Twelve Games of Christmas Day
One dozen games, each $40 or less
By Matthew Pook, Cedric Chin, Mike Sugarbaker, and Allan Sugarbaker
Half of Christmas Day already over and done with. You are full of turkey or some other fowl beast, and with luck, some Christmas cheer. The morning was spent plundering the family tin of chocolates and amusing yourself with the smaller games that found their way into the stocking or pillow at the end of your bed. But now comes the big event and perhaps, your fingers crossed, there might something just as good -- or even better! -- under the tree. So gather 'round one and all to join the OgreCave family as we predict this year’s best gifts!
This portion of our Christmas suggestions comes in under the $40 or less category. You've already seen our $20 or less suggestions, and in another few days we'll spring our d20 suggestions on you. So read on, and be sure to check back soon.
Let the unwrapping commence!
Hogshead Publishing, $42.95
Probably the most interesting game of 2002, this is a beautifully produced RPG that looks better on your coffee table than it does on your shelf. In this expanded and improved edition of the Pharos Press original, players take the role of Nobles, each embodying and personifying a single word or concept. They are beings of great power and responsibility, able to bring down mountains and wound the sun with an arrow shot, tasked to protect all creation from those that would tear it down and replace it with something more terrible and more beautiful. The rules are simple and diceless, but the game is not, relying more on social interaction and subtlety than displays of raw ability.
It was with heavy hearts that we learned of Hogshead Publishing closing its doors, but at least Nobilis has found a home with Guardians of Order. OgreCave has a full review of Nobilis, as well as the exclusive interview with James Wallis on the closing of Hogshead Publishing.
Steve Jackson Games, $24.95
Open the airlock! Kill the alien! Steal the gadgets! Stab your buddy! The
Origins GAMA Award-winning Munchkin returns to the final frontier as the Star
Munchkin card game. Mutants, Cyborgs, and Cat People fight off Fanged
Fuzzballs, Bionic Bimbos, and the Brain in the Jar, with Lasers, Vibroswords,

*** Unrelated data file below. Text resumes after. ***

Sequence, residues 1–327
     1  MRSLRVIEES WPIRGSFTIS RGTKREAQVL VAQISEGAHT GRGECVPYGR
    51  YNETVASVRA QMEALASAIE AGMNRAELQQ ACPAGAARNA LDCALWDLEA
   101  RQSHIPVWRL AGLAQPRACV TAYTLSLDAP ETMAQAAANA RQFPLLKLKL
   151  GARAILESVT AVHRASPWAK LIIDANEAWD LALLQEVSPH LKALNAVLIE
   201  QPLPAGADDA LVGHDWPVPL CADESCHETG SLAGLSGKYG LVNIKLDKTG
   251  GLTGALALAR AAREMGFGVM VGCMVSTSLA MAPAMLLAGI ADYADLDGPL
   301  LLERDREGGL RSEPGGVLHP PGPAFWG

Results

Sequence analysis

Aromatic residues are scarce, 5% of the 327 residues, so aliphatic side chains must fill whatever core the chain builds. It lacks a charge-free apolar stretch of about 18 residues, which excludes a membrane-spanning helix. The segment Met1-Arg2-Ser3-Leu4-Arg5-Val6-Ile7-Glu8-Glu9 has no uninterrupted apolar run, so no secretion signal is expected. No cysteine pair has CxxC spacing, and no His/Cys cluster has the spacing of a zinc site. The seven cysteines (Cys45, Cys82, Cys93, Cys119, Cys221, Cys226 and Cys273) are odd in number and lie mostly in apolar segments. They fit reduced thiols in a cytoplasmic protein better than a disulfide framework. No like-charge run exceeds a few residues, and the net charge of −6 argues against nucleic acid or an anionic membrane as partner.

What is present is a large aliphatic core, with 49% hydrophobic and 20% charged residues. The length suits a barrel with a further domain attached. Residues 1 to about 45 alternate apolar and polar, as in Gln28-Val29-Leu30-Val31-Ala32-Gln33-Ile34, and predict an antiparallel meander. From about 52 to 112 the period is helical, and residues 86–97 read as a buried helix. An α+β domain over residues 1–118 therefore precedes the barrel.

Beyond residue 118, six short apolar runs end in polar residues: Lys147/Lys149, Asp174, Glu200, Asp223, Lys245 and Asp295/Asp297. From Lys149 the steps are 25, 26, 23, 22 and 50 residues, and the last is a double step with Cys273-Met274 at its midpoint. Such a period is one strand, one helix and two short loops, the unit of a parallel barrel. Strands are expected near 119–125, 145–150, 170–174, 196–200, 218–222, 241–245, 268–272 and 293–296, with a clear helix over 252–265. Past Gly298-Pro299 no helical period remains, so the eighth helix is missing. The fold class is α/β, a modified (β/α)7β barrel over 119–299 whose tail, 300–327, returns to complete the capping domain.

and Nova Grenades. The rules and cards are clearer than Munchkin, the cards
are all in color, and Star Munchkin introduces Sidekicks (including the "Red
Shirt"). More powergaming mayhem by designer Steve Jackson and artist John
Godlike: Superhero Roleplaying in a World on Fire, 1936-1946
Hobgoblynn Press & Pagan Publishing, $39.95
Of all the World War 2 games of late, Godlike is the most interesting. The idea is simple: just before and during the war, mankind began exhibiting amazing, supernatural abilities. Some Talents, as people with these abilities came to be known, could fly; others were indestructible, swim the depths or open one door to any other in Europe. Although a Talent could easily defeat ordinary men, against other Talents, it could become a contest of wills. For a Talent, a loss of will means the abilities go away. The players are ordinary soldiers, except for their Talent ability, re-assigned as commandos to face down the Nazi Ubermenschen! Using an innovative dice pool mechanic, Godlike is an extremely gritty supers game that really focuses on the desperation of the war years.
Lord of the Rings: Sauron Expansion
Fantasy Flight Games, $24.95
Master game designer Reiner Knizia turned his attention to Middle Earth once again for the Sauron Expansion to the Lord of the Rings boardgame. With this second add-on, the game's minimum player requirement increases by one as a player takes on the role of Sauron himself. That's right: you aren't just playing against the game anymore, you're playing against a friend. The Sauron player uses both Nazgul and Sauron cards to take out the Fellowship of the Ring, as well as a Black Rider figure that chases them up and down the Corruption line. A new set of deadlier event tiles is also provided, making doom seem the obvious conclusion. Of course, the Fellowship gets new resources as well, including more types of help from Gandalf, new abilities for the hobbits, and new item cards. Make no mistake, though: Sauron changes the game's balance dramatically, making the experience far more challenging and deadly.
Silver Age Sentinels
Guardians of Order, $39.95
A comicbook lover's dream, Silver Age Sentinels brings the world of supers gaming to your roleplaying in a flexible, utilitarian package. An easily adjustable level of play allows for any superhero setting or storyline. SAS brings loads of crunchy goodness to the Tri-Stat System, while also doing justice to the comicbook medium as a whole. In fact, a nine page history of the comic industry serves as the book's introduction. Guardians of Order also released a full d20 version of the game, with a different cover and everything, so you can pick either flavor for your gaming. But we'll get into our d20 gift suggestions in our next list.
Lord of the Rings RPG